Volkswagen Beetle, the game-changing People's Car
The last Volkswagen Beetle rolled off the line in 2003 after more than six decades in production. One of the great game-changing automobiles, the quirky little sedan emerged from a dramatic birth to become the best-selling car in history, altered how small cars were seen, sparked a remarkable automotive cult, and even starred in its own film franchise.
Whether it's called the Beetle, the Bug, Käfer, Kever or Косτенурка, the Volkswagen Type 1 is one of the most recognizable cars ever to roll off the assembly line – and a lot of them did. By the time the last Beetle was built, there were 21,529,464 produced. To put that into perspective, the Ford Model T only reached 15 million units.
However, there's a lot more to the Beetle than a huge production run and a distinct silhouette. It's also a car with a story behind it that is as remarkable as it is seemingly improbable.
Hitler's dream car
The Beetle began as an idea in the mind of Adolph Hitler for a project of his Kraft durch Freude (Strength Through Joy (KdF)) movement, which was part social program and part political propaganda.
KdF was intended to show off the new German prosperity, boost the lives of the working class to middle class standards, and provide new luxury and leisure products and services to the masses. This included building the new Autobahn high-speed motorway, introducing an inexpensive People's Radio, and setting up KdF summer camps, cinemas, concerts, resorts, and cruise ships where working class families could relax and play. As it turned out, all of this came at the price of submitting to a genocidal totalitarian regime with dreams of world conquest.
One of the most important parts of the KdF movement was a People's Car (Volkswagen) for workers whose biggest transportation ambition was to trade in their bicycle for a motorcycle. In late 1933, Hitler summoned the brilliant, but volatile automotive designer Ferdinand Porsche to discuss the new car and its design.
To make what would become the Beetle affordable to any working-class family, Hitler wanted his People's Car to cost under 1,000 Reichsmarks. It had to be small, but with enough interior space for two adults, three children, and their luggage, which was to be stowed under the bonnet and behind the rear seats.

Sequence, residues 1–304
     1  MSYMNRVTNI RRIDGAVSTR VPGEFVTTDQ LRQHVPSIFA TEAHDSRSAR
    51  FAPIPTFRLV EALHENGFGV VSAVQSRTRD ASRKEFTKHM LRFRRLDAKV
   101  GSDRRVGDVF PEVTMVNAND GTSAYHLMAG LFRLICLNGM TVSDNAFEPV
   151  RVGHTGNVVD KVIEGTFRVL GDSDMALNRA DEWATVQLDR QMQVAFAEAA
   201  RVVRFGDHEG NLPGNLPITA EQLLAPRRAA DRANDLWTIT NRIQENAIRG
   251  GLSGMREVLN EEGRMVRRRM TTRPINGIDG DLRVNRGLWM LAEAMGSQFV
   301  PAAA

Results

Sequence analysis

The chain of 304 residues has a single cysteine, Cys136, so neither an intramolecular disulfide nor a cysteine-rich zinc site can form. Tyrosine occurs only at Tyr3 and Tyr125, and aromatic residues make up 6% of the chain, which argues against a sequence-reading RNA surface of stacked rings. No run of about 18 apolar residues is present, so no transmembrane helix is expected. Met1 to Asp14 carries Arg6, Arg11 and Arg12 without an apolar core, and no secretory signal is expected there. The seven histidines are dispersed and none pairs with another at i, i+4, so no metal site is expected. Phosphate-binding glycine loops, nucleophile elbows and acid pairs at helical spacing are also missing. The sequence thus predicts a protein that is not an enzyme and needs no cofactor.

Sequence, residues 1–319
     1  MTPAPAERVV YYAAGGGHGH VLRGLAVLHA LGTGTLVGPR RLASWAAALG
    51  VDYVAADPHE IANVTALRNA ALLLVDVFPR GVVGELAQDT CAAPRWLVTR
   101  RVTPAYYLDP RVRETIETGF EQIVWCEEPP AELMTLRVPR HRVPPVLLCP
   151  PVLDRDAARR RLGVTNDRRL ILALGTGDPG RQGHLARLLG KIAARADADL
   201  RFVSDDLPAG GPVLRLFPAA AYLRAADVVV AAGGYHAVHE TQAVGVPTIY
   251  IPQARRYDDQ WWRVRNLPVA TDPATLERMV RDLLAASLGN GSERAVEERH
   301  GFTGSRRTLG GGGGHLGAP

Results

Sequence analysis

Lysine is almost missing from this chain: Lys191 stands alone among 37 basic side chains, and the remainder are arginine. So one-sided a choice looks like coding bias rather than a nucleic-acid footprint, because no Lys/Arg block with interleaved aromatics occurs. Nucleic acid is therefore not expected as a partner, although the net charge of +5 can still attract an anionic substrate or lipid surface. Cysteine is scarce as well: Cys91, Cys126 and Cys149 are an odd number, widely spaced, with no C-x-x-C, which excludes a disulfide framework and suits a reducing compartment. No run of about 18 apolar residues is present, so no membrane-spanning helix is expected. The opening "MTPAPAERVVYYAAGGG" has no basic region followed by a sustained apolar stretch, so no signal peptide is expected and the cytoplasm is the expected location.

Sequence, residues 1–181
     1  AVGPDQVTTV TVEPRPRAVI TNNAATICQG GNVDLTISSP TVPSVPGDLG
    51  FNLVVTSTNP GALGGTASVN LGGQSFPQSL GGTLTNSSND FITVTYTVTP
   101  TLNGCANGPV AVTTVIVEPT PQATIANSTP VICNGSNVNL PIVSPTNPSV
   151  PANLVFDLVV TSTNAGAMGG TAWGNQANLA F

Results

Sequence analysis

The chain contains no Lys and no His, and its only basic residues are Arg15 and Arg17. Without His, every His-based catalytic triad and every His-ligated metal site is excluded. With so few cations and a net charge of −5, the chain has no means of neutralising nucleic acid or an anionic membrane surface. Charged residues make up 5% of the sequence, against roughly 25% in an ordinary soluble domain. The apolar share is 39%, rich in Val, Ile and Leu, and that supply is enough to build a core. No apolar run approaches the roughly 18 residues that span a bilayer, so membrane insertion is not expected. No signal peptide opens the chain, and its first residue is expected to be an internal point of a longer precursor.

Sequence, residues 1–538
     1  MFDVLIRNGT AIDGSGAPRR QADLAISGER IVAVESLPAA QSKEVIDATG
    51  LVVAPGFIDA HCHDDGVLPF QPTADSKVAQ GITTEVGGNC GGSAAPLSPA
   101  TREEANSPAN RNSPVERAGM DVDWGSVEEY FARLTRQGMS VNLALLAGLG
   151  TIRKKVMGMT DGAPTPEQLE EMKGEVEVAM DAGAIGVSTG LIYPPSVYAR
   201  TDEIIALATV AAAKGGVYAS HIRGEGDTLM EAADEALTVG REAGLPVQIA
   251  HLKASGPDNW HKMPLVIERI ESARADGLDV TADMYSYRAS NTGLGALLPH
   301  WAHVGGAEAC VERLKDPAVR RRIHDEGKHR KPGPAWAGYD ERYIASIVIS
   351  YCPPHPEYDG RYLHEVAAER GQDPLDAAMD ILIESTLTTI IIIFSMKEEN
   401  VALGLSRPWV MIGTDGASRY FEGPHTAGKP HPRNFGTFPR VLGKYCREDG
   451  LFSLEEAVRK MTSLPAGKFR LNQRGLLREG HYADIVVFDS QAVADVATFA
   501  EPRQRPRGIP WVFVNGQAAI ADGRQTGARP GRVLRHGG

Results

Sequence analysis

It had to manage 62 mph (100 km/h), so it could ride easily on the new Autobahn system, and do 40 mpg (7 l/100 km). In addition, the car had to be simple, easy to maintain, and easy to get parts.
To power the car, Hitler insisted on an air-cooled rear-mounted engine. This was because German winters often saw the temperature drop below freezing and in the days before polyethylene glycol antifreeze became available this meant you needed a garage to keep it in overnight or wake up to a radiator full of ice.
The idea of such a People's Car wasn't new. In fact, the world's best-selling car before the Beetle came along was the Ford Model T. The Model T was a very different car, with a design aimed at the American farmer. It had an engine that could run on a wide variety of fuels, was easily maintained by basic tools that any blacksmith might have, a high ground clearance and wooden wheel spokes to deal with muddy, unpaved roads in poor condition, and a design that could be easily modified for a number of roles, including becoming a portable power source for field work.
Despite the differences, the Model T was Hitler's inspiration for the Beetle. He also saw Ford's car manufacturing plants with their new assembly line system as the model for the car industry of the new Germany. He wanted to imitate Ford and build a German version of Detroit that would rival the biggest American car makers.
Designing the Beetle
The design for the Beetle was a collaboration between Porsche, who included ideas for an economy car he was already working on, and Hitler, who supplied ideas and sketches, which is surprising because he never learned to drive. Porsche also traveled to the US to visit the Ford plant in Detroit to study its layout and operation, and to recruit expatriate German car workers who wanted to return home.
The Beetle may look quaint and old-fashioned today, but in the 1930s, its streamlined profile was the height of futuristic design. Streamlining was all the rage during the interwar years. Not only were airplanes, locomotives, and cars given smooth lines to improve their aerodynamics, but so were pencil sharpeners, toasters, tea pots, radios, and telephones. On top of air flow considerations, streamlining the Beetle's body panels meant they could be stamped by machine and much less steel was needed.